Beware the Twitter Follower Scam

While browsing through various tweets, I saw this one. Intrigued, I clicked through. There, I was presented with a video explaining how, if I joined this website, I would get thousands of followers *AND* get paid. Of course, my “scam alert” sirens went off immediately. Here’s the basic run down. First, I would give them my Twitter username and password. (*siren blares*) After that, everyone who had previously joined the system would be automatically set to follow me and I would be set to follow all of them. Next, for each person that I convinced to join, I would be paid $10 per month per user you convince to join. (*siren blares*) And how much for this “wonderful opportunity”? Only $1. (*siren stops blaring but only because it has overloaded and exploded in a humongous fireball*)

The first danger, of course, is giving these people your Twitter username and password. There’s a reason that Twitter launched OAuth. With OAuth, you can grant a site the permission to take some actions under your account’s name, but the site can’t take over your account. If at any point you change your mind, you can take back the authorization and the site will lose access to your Twitter account. By giving these people your username and password, though, they could completely take over your account. They could change the e-mail address on the account and change the password, locking you out of your own account. It is *never* a good idea to give your Twitter password out to anyone. Even if the site is benign, they could be hacked and your Twitter account could be stolen by the hackers.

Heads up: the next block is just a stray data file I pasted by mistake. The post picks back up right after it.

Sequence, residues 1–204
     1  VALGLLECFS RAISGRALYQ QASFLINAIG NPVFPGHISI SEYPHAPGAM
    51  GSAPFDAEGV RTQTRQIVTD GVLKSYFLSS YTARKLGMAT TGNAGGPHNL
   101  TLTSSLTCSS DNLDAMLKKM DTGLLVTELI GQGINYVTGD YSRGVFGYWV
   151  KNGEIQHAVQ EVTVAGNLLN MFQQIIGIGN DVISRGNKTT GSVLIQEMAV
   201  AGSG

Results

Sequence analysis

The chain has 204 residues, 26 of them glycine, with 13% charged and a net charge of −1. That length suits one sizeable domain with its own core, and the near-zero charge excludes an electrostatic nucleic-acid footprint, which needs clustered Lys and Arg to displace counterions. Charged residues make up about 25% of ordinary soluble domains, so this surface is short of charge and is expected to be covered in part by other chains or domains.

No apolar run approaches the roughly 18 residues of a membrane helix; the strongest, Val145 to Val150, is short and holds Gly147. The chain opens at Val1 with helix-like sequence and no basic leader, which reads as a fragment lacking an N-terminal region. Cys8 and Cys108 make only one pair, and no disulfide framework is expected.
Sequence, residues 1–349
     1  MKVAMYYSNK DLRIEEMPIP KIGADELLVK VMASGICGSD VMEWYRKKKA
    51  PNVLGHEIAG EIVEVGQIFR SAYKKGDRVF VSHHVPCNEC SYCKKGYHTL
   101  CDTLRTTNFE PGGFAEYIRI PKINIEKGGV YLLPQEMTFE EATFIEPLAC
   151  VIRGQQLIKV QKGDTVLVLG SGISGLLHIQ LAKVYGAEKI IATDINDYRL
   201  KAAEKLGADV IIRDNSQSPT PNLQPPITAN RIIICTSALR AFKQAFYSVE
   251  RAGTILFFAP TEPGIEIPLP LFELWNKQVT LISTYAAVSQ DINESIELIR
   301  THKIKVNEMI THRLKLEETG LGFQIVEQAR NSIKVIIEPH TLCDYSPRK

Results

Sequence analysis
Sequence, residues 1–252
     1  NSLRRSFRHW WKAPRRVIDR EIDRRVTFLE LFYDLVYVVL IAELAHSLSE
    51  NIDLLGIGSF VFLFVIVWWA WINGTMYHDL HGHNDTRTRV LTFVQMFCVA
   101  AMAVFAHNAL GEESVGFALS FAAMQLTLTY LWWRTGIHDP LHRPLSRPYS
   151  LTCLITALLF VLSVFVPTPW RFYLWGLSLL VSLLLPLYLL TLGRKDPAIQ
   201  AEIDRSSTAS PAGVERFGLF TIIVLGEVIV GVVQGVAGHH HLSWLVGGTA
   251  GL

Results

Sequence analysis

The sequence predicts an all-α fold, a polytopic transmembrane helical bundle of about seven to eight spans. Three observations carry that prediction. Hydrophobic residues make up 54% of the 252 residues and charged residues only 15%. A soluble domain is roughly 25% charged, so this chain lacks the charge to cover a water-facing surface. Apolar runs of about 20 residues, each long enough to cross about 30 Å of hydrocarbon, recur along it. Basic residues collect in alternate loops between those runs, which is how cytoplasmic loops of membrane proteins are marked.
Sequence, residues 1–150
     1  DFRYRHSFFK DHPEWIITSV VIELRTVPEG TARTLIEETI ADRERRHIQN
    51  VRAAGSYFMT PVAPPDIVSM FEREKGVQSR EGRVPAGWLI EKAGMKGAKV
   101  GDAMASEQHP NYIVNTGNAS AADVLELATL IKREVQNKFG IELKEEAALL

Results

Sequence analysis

Putting that aside for the moment, though, something sounded off to me about the payments. So I pay $1 to join, but get paid $10 per month for referrals? I dug a little deeper and there seemed to be some sort of monthly fee. If that $1 was monthly instead of a one time fee, it still wouldn’t be enough money to cover the payouts. Let’s supposed that one hundred people joined. That’s $100 per month going to the site. Now five of those people convince two people each to join. So 110 people are signed up now and $110 per month goes to the site. However, now the site needs to pay five people $20 each. This takes the site’s revenue down to $10. On month three, one more person convinces two more people to join. Now the site has 112 people paying $112 per month, but needs to pay out $120. The site is now operating at a loss of $8. You can see that this would become more of a problem as more referrals come in.

In fact, digging in their “Earnings & Income Disclaimer” finds that they say (and yes, it’s in all-caps on the site as well): “ANY EARNINGS OR INCOME STATEMENTS, OR EARNINGS OR INCOME EXAMPLES, ARE ONLY ESTIMATES OF WHAT WE THINK YOU COULD EARN. THERE IS NO ASSURANCE YOU’LL DO AS WELL. IF YOU RELY UPON OUR FIGURES, YOU MUST ACCEPT THE RISK OF NOT DOING AS WELL.” In other words: “We just took a wild guess. Don’t hold us to it.”

So this site wants you to give them your Twitter username/password and promises income then claims that the “income” is actually an estimate that they can’t be held accountable for. To me, this site seems highly scammy and I’d steer well clear of them.